The odd story behind some of Ruger’s early offerings (VIDEO)
Some of the earliest products to carry the Ruger name had a story all their own, and are sought out by collectors.
Hailing from a period before Bill Ruger combined forces with Alexander Sturm, the 1940s Ruger Co. produced a line of well-made hand tools to include hand-cranked drills. While Ruger was a firearms designer who lent a hand to what became the T10/T23E1 experimental light machine gun tested by the WWII-era U.S. Army, he didn’t craft his iconic Standard .22LR pistol until 1949. However, as pointed out in the above spot by Rock Island Auction Company, the drills bear a lot of very Ruger-ish hallmarks that are quickly identified and increasingly coveted by fans of the black eagle.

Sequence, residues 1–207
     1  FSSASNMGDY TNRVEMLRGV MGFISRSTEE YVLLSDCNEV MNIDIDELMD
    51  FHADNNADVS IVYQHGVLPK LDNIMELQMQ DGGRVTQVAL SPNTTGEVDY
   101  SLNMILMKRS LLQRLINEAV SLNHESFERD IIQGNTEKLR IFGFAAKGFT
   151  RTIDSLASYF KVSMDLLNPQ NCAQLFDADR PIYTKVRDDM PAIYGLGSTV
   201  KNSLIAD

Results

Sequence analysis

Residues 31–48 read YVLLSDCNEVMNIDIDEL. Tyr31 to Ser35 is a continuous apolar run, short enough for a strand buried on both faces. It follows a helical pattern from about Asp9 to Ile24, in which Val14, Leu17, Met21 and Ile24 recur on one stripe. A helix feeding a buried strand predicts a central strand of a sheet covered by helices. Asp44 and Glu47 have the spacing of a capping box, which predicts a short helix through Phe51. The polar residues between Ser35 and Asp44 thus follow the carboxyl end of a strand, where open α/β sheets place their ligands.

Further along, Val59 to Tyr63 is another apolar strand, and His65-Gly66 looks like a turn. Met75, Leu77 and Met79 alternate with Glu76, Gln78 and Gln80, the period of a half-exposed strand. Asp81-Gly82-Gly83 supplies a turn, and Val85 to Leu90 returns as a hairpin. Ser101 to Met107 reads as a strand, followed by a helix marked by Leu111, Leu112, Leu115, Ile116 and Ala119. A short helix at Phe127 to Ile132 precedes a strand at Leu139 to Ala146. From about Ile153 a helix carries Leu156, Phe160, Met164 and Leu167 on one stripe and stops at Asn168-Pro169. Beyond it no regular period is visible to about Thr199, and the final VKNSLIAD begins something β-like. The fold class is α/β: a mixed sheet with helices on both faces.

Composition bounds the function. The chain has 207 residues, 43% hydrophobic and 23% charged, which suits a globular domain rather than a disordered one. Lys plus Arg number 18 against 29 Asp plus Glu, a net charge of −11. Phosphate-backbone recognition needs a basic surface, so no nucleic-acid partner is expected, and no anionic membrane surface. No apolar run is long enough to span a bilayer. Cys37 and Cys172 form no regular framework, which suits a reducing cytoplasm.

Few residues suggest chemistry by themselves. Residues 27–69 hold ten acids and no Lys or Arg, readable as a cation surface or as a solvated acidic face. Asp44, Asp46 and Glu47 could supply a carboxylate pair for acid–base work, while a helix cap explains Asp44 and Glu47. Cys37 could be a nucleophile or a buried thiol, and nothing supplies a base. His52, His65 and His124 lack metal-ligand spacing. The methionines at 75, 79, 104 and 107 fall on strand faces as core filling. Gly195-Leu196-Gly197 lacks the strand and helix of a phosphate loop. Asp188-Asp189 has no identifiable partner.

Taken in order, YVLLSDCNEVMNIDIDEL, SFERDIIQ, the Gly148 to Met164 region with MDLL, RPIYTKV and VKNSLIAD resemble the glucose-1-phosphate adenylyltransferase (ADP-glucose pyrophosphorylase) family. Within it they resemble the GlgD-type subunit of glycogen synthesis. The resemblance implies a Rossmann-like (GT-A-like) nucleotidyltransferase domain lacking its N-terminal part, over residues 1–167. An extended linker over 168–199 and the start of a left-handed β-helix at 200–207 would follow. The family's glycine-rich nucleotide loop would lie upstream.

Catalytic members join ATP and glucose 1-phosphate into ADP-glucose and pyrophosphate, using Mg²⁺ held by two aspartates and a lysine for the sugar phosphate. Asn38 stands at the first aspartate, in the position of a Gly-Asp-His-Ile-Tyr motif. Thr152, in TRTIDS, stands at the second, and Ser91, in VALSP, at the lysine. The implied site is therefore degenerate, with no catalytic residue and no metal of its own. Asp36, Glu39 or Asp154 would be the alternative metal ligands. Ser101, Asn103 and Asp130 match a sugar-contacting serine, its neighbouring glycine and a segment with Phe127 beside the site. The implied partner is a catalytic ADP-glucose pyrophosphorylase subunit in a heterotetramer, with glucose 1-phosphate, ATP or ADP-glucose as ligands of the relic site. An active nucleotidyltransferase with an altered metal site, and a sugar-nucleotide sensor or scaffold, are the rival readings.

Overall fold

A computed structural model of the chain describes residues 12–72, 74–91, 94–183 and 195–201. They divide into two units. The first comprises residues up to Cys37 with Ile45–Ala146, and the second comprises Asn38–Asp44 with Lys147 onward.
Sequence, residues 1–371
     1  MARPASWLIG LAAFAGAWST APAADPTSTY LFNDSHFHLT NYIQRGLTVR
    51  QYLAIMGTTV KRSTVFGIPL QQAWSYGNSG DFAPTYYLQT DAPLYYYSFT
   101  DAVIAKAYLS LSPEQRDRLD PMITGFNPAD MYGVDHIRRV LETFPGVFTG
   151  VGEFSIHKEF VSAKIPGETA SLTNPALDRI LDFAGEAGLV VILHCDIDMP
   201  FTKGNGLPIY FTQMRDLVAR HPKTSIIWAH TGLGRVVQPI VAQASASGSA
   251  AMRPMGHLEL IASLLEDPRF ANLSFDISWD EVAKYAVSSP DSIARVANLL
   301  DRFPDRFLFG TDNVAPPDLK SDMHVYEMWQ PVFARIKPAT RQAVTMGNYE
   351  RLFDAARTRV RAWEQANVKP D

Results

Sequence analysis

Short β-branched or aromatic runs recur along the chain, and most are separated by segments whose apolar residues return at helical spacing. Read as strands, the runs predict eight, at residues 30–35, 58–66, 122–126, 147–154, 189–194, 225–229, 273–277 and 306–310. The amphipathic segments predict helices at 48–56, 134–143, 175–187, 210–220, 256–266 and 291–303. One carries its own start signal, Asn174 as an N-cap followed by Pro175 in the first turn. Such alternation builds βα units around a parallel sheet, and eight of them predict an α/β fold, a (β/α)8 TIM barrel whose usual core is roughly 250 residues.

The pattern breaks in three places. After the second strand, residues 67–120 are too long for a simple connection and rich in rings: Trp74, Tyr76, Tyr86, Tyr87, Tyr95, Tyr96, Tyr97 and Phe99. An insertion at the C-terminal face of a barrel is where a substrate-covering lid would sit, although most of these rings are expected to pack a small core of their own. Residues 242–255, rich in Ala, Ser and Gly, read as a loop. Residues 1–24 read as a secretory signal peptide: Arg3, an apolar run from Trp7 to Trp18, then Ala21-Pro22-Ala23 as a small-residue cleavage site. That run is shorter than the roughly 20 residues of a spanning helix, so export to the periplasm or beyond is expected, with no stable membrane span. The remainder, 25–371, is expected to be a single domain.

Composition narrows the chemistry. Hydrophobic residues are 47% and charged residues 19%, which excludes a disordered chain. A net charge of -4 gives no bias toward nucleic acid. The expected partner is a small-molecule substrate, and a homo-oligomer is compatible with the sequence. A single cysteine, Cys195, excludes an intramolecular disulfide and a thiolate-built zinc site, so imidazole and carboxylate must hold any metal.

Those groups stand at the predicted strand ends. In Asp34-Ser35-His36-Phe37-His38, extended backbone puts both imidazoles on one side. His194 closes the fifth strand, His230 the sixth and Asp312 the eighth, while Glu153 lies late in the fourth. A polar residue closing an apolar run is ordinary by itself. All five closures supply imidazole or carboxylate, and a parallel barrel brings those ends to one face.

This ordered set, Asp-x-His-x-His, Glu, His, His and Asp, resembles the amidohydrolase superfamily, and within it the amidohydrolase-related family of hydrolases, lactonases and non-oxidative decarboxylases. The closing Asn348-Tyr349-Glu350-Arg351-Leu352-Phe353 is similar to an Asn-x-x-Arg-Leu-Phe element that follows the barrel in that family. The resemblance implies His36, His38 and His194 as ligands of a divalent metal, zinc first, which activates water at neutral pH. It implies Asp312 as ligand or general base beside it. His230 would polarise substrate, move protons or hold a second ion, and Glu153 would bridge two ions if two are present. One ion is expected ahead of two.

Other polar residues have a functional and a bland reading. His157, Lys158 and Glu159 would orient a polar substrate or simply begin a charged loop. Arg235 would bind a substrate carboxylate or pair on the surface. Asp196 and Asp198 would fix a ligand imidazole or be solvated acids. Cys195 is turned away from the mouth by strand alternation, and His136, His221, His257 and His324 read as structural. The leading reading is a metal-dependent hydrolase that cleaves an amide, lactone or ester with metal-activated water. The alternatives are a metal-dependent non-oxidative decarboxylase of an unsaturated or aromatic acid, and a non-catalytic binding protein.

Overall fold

Another fun fact: did you know that early Ruger Standards were mailed out in wooden boxes direct (this was pre-GCA) to customers? We ran into one in the hands of the Ruger Collectors’ Association at the last NRA Show in Dallas earlier this year.
As well as one of these bad boys.
The post The odd story behind some of Ruger’s early offerings (VIDEO) appeared first on Guns.com.